It's an idea we like — one stop shopping. Saves us time, money, energy, and gives us a chance to visualize an entire project as it is mapped out across multiple disciplines. Think of a typical home kitchen renovation — it affects tile, cabinetry, hardware, flooring, appliances, paint, windows, doors and more. Usually, all of these components can be selected, compared, ordered, and purchased from one source, which is often housed in one location. And, there are levels of expertise to draw upon throughout the entire process.
What is vertical integration in optics?
It's a genuine advantage — for customers and optical suppliers. In a sense, it provides one-stop shopping for optical assemblies, which tend to have fairly complex designs. These assemblies require a multi-step approach to manufacture, and often must have unique optical materials and unique coatings. There are labor-intensive assembly procedures, testing that requires good metrology tools, and staff with finely tuned expertise available and involved for each step of the process. Vertical integration in optics requires dedication to collaboration and communication across multiple disciplines.
What happens when vertical integration is not built-in to the sourcing process?
The opportunity for costly errors increases. The chance for a poorly performing assembly increases. Communication, the corner-stone of vertical integration, becomes challenging. And, quite often the lead time from concept to production is increased. All of this impacts budgets, working relationships, and a competitive product advantage for the customer.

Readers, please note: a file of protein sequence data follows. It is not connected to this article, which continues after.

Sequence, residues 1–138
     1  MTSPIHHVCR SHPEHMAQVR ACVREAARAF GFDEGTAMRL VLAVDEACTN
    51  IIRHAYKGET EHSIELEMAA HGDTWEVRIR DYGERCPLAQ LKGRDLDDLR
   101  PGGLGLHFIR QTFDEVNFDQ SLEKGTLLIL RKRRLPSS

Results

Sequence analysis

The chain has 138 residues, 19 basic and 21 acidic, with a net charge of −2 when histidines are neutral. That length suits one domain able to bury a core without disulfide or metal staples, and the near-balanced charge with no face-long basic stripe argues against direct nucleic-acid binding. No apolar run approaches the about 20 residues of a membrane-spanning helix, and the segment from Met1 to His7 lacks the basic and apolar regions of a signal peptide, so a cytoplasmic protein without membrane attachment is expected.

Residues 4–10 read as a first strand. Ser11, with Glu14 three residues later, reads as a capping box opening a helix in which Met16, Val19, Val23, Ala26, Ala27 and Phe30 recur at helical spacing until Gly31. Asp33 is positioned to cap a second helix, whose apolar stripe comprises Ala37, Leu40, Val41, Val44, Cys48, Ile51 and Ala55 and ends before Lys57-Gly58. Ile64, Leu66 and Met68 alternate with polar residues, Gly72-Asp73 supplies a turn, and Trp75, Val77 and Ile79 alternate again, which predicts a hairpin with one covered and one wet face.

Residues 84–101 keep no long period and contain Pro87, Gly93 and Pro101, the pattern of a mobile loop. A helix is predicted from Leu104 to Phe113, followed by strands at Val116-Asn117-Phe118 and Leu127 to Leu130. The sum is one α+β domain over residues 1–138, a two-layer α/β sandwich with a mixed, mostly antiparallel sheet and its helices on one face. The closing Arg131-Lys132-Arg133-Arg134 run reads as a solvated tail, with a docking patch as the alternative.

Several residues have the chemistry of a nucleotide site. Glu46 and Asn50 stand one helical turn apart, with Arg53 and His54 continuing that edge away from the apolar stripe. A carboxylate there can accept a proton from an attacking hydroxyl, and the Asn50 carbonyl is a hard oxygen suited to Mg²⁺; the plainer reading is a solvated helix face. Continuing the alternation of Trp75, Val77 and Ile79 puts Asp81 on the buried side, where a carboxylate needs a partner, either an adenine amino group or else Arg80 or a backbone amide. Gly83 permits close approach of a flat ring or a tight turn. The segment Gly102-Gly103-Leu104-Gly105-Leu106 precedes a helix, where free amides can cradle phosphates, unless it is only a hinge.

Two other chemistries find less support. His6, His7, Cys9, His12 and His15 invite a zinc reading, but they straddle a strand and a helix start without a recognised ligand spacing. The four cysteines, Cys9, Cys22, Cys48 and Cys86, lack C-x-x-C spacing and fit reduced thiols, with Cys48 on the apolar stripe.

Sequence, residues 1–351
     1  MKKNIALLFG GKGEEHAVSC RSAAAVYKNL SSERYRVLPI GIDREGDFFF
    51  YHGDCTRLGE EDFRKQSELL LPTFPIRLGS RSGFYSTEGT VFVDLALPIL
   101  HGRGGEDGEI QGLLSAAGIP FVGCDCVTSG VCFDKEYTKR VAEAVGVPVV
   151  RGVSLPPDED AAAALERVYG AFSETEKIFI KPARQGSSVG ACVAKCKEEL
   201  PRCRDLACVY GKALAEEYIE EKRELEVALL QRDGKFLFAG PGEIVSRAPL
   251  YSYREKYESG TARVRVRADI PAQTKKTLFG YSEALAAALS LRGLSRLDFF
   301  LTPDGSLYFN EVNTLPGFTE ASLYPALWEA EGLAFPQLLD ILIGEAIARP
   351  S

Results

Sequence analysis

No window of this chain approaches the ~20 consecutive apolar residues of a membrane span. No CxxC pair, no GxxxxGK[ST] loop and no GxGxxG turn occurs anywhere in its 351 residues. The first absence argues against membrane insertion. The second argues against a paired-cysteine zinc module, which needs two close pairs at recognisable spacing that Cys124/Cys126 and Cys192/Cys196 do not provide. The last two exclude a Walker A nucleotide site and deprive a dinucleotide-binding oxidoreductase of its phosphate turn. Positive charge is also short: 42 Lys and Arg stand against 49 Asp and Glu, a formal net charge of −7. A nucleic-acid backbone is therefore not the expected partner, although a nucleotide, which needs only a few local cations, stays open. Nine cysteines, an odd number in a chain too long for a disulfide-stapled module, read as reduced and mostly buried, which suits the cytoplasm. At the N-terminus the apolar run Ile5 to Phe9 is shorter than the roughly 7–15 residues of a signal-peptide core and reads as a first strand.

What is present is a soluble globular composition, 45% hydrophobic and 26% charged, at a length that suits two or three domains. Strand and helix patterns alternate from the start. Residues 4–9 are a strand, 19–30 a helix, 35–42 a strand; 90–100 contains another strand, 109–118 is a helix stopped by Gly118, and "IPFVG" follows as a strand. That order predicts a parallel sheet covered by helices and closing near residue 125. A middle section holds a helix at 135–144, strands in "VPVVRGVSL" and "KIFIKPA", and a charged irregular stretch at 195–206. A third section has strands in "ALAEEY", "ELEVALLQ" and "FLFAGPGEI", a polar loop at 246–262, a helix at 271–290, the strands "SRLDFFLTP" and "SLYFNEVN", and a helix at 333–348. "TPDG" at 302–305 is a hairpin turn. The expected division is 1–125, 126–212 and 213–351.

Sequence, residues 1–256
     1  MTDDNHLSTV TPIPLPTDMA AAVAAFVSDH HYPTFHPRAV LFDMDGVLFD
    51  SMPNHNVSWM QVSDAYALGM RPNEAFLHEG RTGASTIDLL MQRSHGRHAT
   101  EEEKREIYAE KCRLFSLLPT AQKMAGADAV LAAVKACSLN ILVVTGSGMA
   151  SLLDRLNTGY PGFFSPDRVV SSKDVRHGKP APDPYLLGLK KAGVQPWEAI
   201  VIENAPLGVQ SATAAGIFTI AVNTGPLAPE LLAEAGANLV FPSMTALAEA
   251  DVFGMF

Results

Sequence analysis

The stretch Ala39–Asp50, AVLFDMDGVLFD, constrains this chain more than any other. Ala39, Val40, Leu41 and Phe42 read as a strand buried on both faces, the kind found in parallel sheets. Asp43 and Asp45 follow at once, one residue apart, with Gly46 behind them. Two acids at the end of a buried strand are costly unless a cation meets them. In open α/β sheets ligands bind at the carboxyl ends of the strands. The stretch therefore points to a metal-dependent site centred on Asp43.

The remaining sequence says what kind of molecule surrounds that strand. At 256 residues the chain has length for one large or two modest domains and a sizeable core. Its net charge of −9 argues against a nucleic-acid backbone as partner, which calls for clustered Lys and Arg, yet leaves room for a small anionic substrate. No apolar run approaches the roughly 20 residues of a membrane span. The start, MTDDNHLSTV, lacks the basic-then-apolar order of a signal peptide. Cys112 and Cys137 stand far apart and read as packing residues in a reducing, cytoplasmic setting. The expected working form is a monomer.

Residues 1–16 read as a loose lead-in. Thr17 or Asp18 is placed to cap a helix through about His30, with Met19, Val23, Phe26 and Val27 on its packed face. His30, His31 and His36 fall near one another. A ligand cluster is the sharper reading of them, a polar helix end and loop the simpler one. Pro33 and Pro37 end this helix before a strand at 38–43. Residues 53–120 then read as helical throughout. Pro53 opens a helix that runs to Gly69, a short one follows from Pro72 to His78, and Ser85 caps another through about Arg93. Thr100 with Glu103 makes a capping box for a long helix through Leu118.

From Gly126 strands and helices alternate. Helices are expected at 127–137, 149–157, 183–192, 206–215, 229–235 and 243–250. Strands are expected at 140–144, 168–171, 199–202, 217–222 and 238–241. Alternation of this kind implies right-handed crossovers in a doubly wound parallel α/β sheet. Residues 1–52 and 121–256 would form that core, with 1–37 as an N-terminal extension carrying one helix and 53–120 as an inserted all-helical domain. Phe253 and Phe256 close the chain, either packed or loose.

Vertical integration mitigates a lot of potential problems
When the individual elements of an optical assembly are outsourced, each to a different vendor, the tolerances can get tighter, often with the idea that there is “wiggle” room for when the individual elements are assembled. The end goal is that the assembly performs as designed. But it does not always work out and usually increases cost and lead time.
With a vertically integrated optics supplier, a key advantage is that the product development team gets involved in the project early, generally around the time of the initial design review. Why is this important? The team is on the same page. A list of parts is developed, an assembly procedure outlined, manufacturing requirements and capabilities are identified, some understanding of testing is acknowledged, and planning begins. There is a dedicated program manager who oversees every step of the cycle, from prototyping to finished product.
When there is a problem, it can be addressed earlier, corrections can be made more easily, deadlines are not severely impacted, and the entire project can be kept on track, on schedule, and on budget. There is also a great deal of layered knowledge that accumulates in vertically integrated environments. Gains from one project can, and do, positively impact the success of future projects.
Vertically integrated optics at Zygo
As an optical system supplier, Zygo has three internal groups: Zygo Precision Optics, Zygo Extreme Precision Optics, and Zygo Electro Optics. Together they make it possible to control the key competencies which make for a vertically integrated supplier.
Importantly, ZYGO also has a decades-long reputation in the manufacture of best-in-class optical metrology instruments. This introduces measuring capabilities that elevate metrology from a necessary evil to a technology that can enable innovation in optical system development. If your project requires custom metrology, who better to design and qualify than ZYGO?
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